Country Digitization — Inside the Playbook
While digital transformation has become the holy grail for enterprises, countries are not far behind. For tech companies, country digitization projects mean millions or even billions of dollars in business, but they are high-risk and complex endeavors. It is not about selling your way through and hooking up technology all around. Guy Diedrich, VP and Global Innovation Officer, Cisco knows better. Diedrich is a member of Cisco’s Office of the Chairman and CEO, contributing to Cisco’s Country Digitization Acceleration. He is currently working with government and industry leaders in countries throughout Europe, the Middle East, Asia and the Americas to digitize the public and private sectors in order to increase GDP, create millions of next-generation jobs, and develop sustainable innovation ecosystems.
Cisco has set up country digitization accelerators (CDA) in 18 countries and two more would be added shortly. These countries range from small ones like Portugal and Kazakhstan to large ones like India and China to developed ones like UK, Italy, and Germany. These countries represent nearly a third of the world’s population. The ideal candidates for CDA are countries that are committed to digitalization with a published digital agenda that is supported by requisite budget outlays. Factors such as economic growth potential and large population help. The idea is to
be able to correlate the impact of digitization with economic performance indicators such GDP growth and jobs growth.
CDA – Charting the Route, Planning the Steps
When asked as to how does Cisco go through huge country digitization projects when so many stakeholders are involved and how do they achieve pace, Diedrich referred to what he wrote on his blog: “How does country digitization work? Considering the complexities of developing a plan to digitize an entire country, the process from evaluation to having an executable plan happens at almost warp speed at Cisco – between 90 to 120 days.”
The steps almost seem like the ones out of a standard operating procedure manual. The CDA program is run in a structured manner to maximize the outcomes; the priorities in each country may vary, but Cisco believes in following a general template that has developed over the years and is being continually improved upon. Diedrich makes it clear that Cisco does not create the digital roadmap for any country. He says that the creation of digital strategy is best left to the country leadership or to strategy consulting companies. The CDA program usually begins with a review of the digital agenda with local industry partners, academia, and other stakeholder institutions. A CDA architecture for the country is then drawn up along a quartet of areas: research and education, business and investing, digital platforms for economic impact, and digital infrastructure.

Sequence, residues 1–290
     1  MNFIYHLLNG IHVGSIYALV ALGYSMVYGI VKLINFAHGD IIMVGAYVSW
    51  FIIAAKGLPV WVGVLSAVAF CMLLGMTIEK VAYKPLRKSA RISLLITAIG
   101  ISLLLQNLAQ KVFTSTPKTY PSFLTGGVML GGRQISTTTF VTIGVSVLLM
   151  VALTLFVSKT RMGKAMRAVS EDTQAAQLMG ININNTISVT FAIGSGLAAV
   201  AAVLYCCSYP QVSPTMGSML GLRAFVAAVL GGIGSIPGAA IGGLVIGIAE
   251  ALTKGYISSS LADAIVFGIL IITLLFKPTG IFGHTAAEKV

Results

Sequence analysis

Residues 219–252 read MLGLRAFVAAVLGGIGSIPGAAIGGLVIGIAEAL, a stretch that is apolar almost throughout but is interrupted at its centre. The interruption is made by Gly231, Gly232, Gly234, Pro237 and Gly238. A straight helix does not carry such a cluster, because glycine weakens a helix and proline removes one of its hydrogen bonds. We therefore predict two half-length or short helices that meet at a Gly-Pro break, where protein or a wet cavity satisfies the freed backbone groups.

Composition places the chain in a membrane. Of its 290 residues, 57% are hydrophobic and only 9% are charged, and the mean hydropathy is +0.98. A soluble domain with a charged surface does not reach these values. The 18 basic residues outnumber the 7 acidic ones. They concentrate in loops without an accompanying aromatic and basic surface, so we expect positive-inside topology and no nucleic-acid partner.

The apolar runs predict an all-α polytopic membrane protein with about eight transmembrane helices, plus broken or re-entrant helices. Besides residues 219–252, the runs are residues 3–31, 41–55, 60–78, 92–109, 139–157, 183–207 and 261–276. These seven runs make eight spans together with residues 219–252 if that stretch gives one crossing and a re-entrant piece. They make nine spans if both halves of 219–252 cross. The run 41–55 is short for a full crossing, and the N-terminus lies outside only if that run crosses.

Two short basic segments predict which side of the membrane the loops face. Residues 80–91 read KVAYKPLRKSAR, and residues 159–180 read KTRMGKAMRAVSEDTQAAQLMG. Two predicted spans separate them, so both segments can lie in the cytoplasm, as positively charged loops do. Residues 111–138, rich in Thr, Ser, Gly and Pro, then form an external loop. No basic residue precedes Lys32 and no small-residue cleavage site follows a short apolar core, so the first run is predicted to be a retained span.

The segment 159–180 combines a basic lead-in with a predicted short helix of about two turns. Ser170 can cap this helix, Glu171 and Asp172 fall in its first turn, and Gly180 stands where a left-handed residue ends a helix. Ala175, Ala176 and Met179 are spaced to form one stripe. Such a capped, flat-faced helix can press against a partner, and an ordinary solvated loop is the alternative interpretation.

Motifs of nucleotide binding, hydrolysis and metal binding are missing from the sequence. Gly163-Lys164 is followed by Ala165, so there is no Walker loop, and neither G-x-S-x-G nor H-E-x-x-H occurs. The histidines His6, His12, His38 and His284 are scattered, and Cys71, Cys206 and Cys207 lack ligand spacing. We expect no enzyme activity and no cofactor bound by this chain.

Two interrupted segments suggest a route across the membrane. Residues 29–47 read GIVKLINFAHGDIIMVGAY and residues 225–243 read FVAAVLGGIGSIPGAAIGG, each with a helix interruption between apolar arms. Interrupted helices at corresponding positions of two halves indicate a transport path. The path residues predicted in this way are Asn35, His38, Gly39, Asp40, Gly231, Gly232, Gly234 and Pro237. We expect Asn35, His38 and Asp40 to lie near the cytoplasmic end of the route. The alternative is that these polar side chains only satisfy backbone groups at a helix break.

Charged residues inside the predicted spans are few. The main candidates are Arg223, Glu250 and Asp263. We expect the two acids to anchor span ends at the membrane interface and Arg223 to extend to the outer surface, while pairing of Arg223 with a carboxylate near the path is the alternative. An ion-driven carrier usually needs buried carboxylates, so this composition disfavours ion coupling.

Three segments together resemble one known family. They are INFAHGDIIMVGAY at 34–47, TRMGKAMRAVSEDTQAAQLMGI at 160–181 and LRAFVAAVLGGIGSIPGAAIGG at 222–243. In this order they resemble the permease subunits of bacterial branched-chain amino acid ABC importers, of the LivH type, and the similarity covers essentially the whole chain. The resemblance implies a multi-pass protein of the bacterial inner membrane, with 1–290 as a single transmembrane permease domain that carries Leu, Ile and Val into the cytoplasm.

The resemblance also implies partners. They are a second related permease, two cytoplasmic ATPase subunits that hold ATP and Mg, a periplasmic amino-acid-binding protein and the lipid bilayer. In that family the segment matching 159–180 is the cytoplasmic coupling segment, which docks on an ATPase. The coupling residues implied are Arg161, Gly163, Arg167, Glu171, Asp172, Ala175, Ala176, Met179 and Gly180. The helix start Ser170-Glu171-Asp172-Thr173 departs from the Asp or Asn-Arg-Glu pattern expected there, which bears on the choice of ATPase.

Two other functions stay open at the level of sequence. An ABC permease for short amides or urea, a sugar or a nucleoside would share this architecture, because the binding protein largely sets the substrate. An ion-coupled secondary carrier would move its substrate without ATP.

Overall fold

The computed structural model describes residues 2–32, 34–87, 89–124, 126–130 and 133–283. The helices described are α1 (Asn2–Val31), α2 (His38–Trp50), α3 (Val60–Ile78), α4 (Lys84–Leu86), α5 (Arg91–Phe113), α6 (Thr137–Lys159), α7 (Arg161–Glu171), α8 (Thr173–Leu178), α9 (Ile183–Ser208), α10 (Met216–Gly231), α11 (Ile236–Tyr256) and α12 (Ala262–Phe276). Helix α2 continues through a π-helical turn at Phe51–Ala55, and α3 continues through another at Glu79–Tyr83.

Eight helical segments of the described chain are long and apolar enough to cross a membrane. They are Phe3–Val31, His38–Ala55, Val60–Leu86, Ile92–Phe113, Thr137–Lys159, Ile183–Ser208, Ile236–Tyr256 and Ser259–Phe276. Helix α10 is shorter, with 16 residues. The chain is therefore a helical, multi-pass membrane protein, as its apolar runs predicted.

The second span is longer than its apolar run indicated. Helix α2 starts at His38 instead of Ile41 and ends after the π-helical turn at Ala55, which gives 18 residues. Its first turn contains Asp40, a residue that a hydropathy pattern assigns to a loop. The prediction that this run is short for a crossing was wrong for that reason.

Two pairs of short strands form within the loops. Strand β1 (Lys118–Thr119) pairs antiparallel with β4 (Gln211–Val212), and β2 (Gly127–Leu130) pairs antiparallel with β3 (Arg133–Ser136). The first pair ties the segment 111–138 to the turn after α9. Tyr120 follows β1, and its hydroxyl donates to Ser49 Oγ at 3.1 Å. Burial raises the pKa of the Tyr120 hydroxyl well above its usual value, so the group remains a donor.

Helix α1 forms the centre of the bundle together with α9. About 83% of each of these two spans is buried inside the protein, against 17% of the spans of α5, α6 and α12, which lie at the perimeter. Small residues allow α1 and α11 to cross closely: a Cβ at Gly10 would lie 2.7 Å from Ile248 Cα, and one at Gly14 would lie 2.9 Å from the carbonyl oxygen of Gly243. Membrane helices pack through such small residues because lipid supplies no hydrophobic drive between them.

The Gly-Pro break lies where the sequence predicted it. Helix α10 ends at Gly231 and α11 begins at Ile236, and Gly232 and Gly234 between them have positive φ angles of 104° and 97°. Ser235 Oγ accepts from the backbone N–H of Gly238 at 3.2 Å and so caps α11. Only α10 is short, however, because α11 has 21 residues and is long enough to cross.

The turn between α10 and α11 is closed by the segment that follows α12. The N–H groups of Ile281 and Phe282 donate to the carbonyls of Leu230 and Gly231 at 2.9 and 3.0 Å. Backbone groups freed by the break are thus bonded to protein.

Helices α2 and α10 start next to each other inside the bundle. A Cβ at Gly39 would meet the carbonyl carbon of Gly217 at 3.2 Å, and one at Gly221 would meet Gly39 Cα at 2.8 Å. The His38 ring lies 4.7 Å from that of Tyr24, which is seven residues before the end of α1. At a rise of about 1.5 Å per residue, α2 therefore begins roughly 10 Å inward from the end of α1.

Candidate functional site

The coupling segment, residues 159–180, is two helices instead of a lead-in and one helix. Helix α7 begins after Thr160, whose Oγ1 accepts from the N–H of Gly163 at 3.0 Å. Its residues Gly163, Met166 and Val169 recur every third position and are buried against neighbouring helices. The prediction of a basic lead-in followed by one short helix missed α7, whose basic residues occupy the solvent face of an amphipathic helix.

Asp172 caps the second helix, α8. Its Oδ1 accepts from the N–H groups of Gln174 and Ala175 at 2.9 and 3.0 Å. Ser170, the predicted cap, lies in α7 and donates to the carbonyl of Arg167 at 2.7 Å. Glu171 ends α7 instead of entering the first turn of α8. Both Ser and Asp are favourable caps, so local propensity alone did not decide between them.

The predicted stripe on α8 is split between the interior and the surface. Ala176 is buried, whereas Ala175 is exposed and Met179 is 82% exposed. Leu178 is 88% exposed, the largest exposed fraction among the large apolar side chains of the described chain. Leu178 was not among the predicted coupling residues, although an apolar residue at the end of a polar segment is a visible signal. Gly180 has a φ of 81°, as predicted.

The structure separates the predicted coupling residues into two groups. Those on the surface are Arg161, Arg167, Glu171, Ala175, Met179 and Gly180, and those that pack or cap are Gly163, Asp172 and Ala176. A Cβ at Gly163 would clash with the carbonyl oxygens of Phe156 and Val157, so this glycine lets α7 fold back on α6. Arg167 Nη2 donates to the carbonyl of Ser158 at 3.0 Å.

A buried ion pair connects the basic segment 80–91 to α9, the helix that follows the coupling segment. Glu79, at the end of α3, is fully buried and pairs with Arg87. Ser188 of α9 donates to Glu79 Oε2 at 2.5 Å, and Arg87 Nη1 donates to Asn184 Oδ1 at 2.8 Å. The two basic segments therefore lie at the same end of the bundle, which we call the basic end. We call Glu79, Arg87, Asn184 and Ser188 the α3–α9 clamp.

Under research and education, Cisco invests in university chairs such as the Cisco Chair in IoT, Cybersecurity, expands of Networking Academy program, and engages in retraining people. The area of business and investing involves creating incubators like the one that was inaugurated in Bangalore, creating CoE, bringing in Cisco venture capital, running hackathons and such other activities to spur homegrown innovation and entrepreneurship. The third part of the quartet— digital platforms for economic impact— comes from the country’s digital agenda. For example, if one is hosting the World Cup, then Smart Connected Stadiums would be a digital project. The last area in the quartet about digital infrastructure deals with setting up the digital technology backbone such as wifi, broadband networks, cybersecurity, IoT infrastructure, and such. These four areas are designed to coalesce in such a way that they feed into each other and are integrated to deliver the outcomes.
The CDA Way— Inclusive, Lean and Agile, Local Delivery
Following this, an execution plan along three timehorizons— 12 months, 12 to 24 months, and 24 months and beyond— is created and budgets are built against these phases. In the next step, partners are brought in. Diedrich says that this is a very important step and Cisco follows a very inclusive approach by bringing in partners who might even be competitors. For one, Diedrich believes that Cisco can’t do it all alone and that the idea is not to own every project. But he adds that Cisco will bid for every project and when the MoU is signed it clearly captures the areas that Cisco is set out to do.